05.29.2015
Website Accessibility Under the ADA

Congress enacted the Americans with Disabilities Act in 1990, at a time when the Internet had a relatively minor impact on the daily lives of Americans. Today, the Internet plays a critical role in personal, civic, educational, commercial, and professional life. Public agencies increasingly rely on the Internet as an efficient and comprehensive method of communicating with and providing services to constituents. Although many individuals with disabilities rely on the Internet as an essential tool, not all websites are designed to give persons with disabilities equal access to information and services online.

 

ADA regulations do not expressly address accessibility requirements for website and mobile applications; however, the United States Department of Justice (DOJ) takes the position that Title II of the ADA, which applies to state and local government programs, covers Internet website access. Public entities such as school districts, county offices of education, and community college districts should ensure their websites comply with accessibility guidelines.

Legal Requirements

Websites of state and local government entities are covered by Title II of the ADA. (See 28 C.F.R. § 35.102 [the Title II regulation “applies to all services, programs, and activities provided or made available by public entities”].) The DOJ also interprets Title III (public accommodations), and relies on several court decisions, to apply ADA accessibility requirements to websites of private businesses. (See, e.g., National Federation of the Blind v. Target Corp. (N.D. Cal. 2006) 452 F.Supp.2d 946, 953 [the first case in which any court ruled that the ADA applied to a retail website].)

In 2010, the DOJ issued an Advance Notice of Proposed Rulemaking indicating its intent to promulgate regulations under Title II and Title III of the ADA to address requirements for website accessibility. The notice indicated the DOJ would develop website accessibility rules “in the near future” and continue to enforce the website accessibility on a case-by-case basis. The proposed regulations have not materialized, and the DOJ has delayed its targeted release several times. In the absence of regulations, the DOJ relies on the Web Content Accessibility Guidelines (WCAG) 2.0 guidelines issued by the World Wide Web Consortium (W3C), an international organization that develops standards to ensure the long-term growth of the Internet. (Click here to see an overview of the Guidelines.) The DOJ pursues enforcement of website accessibility as part of its authority to conduct “compliance reviews” under the ADA.

In a recent DOJ settlement with four U.S. cities, investigations found each city’s online employment opportunities website was not fully accessible to people with disabilities. Under the settlement agreement, each city agreed to ensure its hiring policies and procedures do not discriminate against any applicant on the basis of disability, including by: “ensuring that its online employment opportunities website and job applications conform with the Web Content Accessibility Guidelines 2.0, which are industry guidelines for making web content accessible.”  (More information on the settlement can be found here.)  In settlements with private companies, the DOJ likewise required company websites and mobile applications to conform to the WCAG 2.0 guidelines.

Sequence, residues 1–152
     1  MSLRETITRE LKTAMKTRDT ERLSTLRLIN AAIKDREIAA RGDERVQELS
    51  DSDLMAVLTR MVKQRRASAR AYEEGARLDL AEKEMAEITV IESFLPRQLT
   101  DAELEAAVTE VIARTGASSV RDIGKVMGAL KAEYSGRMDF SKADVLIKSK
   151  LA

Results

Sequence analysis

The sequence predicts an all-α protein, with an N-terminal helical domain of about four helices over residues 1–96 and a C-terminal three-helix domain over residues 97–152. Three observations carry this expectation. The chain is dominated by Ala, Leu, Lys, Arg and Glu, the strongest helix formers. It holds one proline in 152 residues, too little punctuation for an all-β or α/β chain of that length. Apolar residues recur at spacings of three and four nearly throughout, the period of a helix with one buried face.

WCAG 2.0 Guidelines for Website Accessibility 

The DOJ recognizes the WCAG 2.0 guidelines as the industry standard for web content accessibility and is expected to adopt these guidelines as the web accessibility standards in its forthcoming regulations. As ADA regulations do not directly address website accessibility, the WCAG 2.0 guidelines provide the best guidance for educational agencies to ensure their websites comply with the ADA.

The WCAG 2.0 guidelines are based on four principles of accessible online content: perceivable, operable, understandable, and robust. The guidelines address each principle, and Success Criteria under each guideline describe specifically what must be achieved to conform to the standard.  The 12 guidelines are:

  1. Perceivable

1.1 Provide text alternatives for any non-text content so that it can be changed into other forms people need, such as large print, braille, speech, symbols or simpler language.

1.2 Provide alternatives for time-based media.

1.3 Create content that can be presented in different ways (for example simpler layout) without losing information or structure.

1.4 Make it easier for users to see and hear content including separating foreground from background.

  1. Operable

2.1 Make all functionality available from a keyboard.

2.2 Provide users enough time to read and use content.

2.3 Do not design content in a way that is known to cause seizures.

2.4 Provide ways to help users navigate, find content, and determine where they are.

  1. Understandable

3.1 Make text content readable and understandable.

3.2 Make Web pages appear and operate in predictable ways.

3.3 Help users avoid and correct mistakes.

  1. Robust

4.1 Maximize compatibility with current and future user agents, including assistive technologies.

Until DOJ regulations are available, educational agencies should consider taking all possible steps to make their websites accessible. By implementing the WCAG 2.0 guidelines to the extent possible, public agencies with web presence can ensure equal access for users with disabilities.

Categories: Labor/Employment

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